Governor proposes cuts to private college financial aid
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Gov. Andrew M. Cuomo has proposed cutting a 50-year-old student aid program from this year’s budget in a move that has angered many private colleges.
Direct Institutional “Bundy” Aid was first implemented in 1968. It is distributed to institutions of higher education based on how many students they graduate — encouraging retention — and allows institutions to distribute the money for scholarships as they see fit.
“It incentivizes all of the things the state wants our campuses to be doing,” said Emily Donohue, director of communications for the Commission on Independent Colleges and Universities, a statewide organization of private institutions of higher education. “This is the first time in 50 years there’s been a proposal to eliminate that.”
The total cost of Bundy Aid has been $35.13 million annually since 2015, according to information posted on the CICU website. Colleges in the north country receive more than $500,000 of that, according to Ms. Donohue.
St. Lawrence University confirmed it receives about $174,000 in Bundy aid, and referred all other questions to CICU. Clarkson University receives around $320,000, according to Chief Financial Officer James D. Fish.
The governor’s office says that by ending Bundy Aid, it can move funds to the Higher Education Capital Matching Grant Program, which funds capital projects on campus.
“By shifting funds from Bundy Aid to HECAP, this year’s budget makes state aid more impactful for private colleges and ensures our investment gets results,” wrote Morris Peters, State Division of Budget spokesperson, in an email statement.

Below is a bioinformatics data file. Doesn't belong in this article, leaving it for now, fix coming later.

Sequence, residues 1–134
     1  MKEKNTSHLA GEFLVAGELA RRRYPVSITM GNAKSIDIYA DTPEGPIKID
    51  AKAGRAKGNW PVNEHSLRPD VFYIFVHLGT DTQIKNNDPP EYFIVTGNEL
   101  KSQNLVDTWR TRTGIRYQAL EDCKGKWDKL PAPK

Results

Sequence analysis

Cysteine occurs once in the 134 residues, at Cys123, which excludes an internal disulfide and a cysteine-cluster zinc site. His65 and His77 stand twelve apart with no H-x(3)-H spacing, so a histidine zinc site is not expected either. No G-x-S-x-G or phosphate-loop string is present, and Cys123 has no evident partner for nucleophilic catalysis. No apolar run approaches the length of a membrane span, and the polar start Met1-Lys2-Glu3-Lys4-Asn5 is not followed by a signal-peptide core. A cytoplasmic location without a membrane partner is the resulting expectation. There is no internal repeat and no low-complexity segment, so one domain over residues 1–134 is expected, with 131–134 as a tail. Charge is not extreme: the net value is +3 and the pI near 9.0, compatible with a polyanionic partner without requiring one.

According to information Mr. Peters provided, HECAP requires campuses to produce three dollars for every dollar of aid, while Bundy Aid only provides 0.1 percent of revenue for colleges that receive it.
Private colleges, however, say that shifting funds is not enough.
Mr. Fish acknowledged that the Bundy Aid was only a small part of the $80 million in financial aid that Clarkson gives out every year. But losing it would still reduce financial aid by around $100 per student.
“It would impact our bottom line,” Mr. Fish said. “It’s just another nail in the coffin for private higher ed; it’s just unfortunate.”
Ms. Donohue said that HECAP funding is competitive and can only be accessed by institutions that are constructing buildings or buying equipment.
“Bundy Aid comes every year,” Ms. Donohue said. “They’re both important, but they’re just really different.”
The governor’s office has also pointed to an increase this year in funding of the Enhanced Tuition Aid, a relatively new last-dollar aid for private college students in New York state with similar restraints to the Excelsior scholarships for SUNY schools. This includes a requirement to remain in New York following graduation for as long as the student received the scholarship. ETA is also a matching grant, and has only been implemented by about 30 colleges as of last year, according to an October 2017 Politico article on the scholarship.
“Governor Cuomo will continue to work with private and public institutions to make college more affordable so that cost is never an impediment to educational opportunity,” Mr. Peters wrote. “To that end, the Budget includes nearly $23 million for the Enhanced Tuition Award, enabling more students at private colleges to complete their degree.”
That is only a slight increase over the $19 million provided for the 2017-2018 school year, and according to Ms. Donohue is to cover a planned rise in the maximum eligible family income for students applying for ETA.
In contrast to the number of schools receiving ETA aid, “Bundy Aid is something that almost every one of our over 100 campuses receives,” Ms. Donohue said.
The state Legislature will have to approve ending Bundy Aid, and CICU is working to keep it in the final budget for next year.
“We’ve relied on it for years,” Mr. Fish said. “To lose it would be unfortunate for the students.”